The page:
NJ To Have Volunteers Advocating For The Elderly
There is more need of volunteers in South Jersey to look after the nursing homes of the area and find the resident's health and safety. These volunteers pay unannounced weekly visits and solve concerns related to the life quality of the residents like broken televisions, as well as bigger problems like dental care or financial reimbursements.
According to Debra Branch, the ombudsman of New Jersey for institutionalised elderly, there are an immediate need of these kinds of volunteers. The 14 investigators of the branch were unable to oversee the 1,555 nursing homes of the state, the assisted living facilities and the long term care sites without these volunteers.
The volunteers have access to the different care facilities for 24 hour and seven days a week. They talk to residents in recreation room, cafeterias, at the bedside and during the time of undergoing physical therapy. The goal is to resolve the issues with staff members amicably without the need of state officials. This is the goal of the program said the program coordinator, Joann Cancel.
The program that began in 1993 was aimed to bring in a visible representation of the rights and needs of long term care residents who are 60 years or over. The program gets funding from the Federal Older Americans Act.
Cancel said that the state-wide representation of volunteers is around 200, although there are some South Jersey counties that have no volunteers at all. There are four in Burlington, while Camden and Gloucester Counties have five each.
Branch feels that people are living longer and as a result, they are outliving their spouses and family. Hence, there is a need of someone to represent them. To meet this end, the work is supported by volunteers who were trained at medical, ethical and legal aspects and took 32 hours for the entire course. These volunteers attended the quarterly workshop on elder care.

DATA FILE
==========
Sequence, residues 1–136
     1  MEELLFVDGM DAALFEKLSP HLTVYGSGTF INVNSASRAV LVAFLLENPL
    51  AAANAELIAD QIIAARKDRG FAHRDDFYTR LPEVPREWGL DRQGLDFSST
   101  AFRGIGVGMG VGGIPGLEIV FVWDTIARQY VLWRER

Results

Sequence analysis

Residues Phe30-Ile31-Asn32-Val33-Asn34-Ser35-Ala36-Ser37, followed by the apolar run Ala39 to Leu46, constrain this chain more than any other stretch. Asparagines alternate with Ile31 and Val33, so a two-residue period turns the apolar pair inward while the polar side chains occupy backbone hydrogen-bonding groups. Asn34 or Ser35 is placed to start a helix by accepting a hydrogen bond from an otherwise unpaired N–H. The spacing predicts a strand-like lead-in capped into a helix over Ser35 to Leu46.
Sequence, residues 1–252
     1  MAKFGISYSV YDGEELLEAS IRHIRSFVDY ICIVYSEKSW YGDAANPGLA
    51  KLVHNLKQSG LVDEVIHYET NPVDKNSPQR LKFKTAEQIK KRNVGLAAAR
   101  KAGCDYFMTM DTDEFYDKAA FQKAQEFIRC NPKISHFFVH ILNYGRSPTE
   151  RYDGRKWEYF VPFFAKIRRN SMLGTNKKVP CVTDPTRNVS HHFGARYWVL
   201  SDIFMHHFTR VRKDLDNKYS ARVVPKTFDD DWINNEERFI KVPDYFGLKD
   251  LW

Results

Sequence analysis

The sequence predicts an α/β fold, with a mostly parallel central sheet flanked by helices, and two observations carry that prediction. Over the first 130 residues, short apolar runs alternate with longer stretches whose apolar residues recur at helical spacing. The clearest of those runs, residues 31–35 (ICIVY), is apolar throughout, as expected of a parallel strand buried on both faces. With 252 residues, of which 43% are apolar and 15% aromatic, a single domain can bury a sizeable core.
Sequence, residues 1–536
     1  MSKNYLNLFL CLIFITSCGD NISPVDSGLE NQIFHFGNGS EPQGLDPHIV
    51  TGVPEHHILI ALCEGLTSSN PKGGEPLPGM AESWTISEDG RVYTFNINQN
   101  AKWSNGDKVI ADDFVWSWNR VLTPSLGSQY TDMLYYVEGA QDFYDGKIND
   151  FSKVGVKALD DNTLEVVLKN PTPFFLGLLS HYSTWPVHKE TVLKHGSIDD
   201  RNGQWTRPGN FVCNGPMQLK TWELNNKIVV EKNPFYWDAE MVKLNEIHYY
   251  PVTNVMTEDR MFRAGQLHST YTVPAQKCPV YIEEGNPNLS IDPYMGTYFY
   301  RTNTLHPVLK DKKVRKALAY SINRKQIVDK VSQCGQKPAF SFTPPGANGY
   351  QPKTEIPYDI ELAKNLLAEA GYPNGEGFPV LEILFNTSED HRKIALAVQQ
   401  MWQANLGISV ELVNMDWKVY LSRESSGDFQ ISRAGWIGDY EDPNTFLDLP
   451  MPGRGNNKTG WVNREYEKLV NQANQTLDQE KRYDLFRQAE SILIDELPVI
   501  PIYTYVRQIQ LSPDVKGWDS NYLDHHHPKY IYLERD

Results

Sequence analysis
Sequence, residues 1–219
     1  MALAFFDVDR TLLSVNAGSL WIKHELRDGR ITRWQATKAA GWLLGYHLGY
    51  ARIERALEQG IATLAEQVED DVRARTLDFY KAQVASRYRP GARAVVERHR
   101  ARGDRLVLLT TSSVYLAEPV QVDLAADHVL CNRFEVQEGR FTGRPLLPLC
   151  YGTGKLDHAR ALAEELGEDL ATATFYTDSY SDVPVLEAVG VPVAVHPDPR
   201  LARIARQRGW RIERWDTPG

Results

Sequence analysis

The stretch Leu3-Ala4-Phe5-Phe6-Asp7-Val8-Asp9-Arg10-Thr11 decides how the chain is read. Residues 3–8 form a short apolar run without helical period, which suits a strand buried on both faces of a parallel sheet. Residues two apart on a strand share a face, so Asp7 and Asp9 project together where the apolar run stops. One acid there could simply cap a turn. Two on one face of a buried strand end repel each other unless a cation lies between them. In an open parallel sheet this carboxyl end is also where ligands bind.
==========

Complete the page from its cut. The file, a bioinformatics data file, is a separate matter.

Sometimes, volunteers have to face some real tough situations, Branch said. There may be a need to take a tough stand that people find unsavoury.
In between 2007 and 2008, there was an increase in complaints to the ombudsmen from across the state. These involved financial exploitation, sometimes by family members, poor care planning, physical abuse and involuntary discharges. There are calls related to inadequate record keeping, accidental injury and abuse among residents. The volunteers come with the investigators and learn the history of the home, staff and residents. As Vine at 83 who works as a volunteer, said that it is imperative to gain the confidence of the residents and also be able to work with the administrator. Bullying fails in this case.
In most cases, the jobs involve improving the quality of life like helping communication with families, finding missing laundry and arranging haircuts or simply have a conversation. Most of these work could well be done by an investigator and do not require the help of an investigator. Although, these seem to be little things, they are quite important tasks that need to be done.
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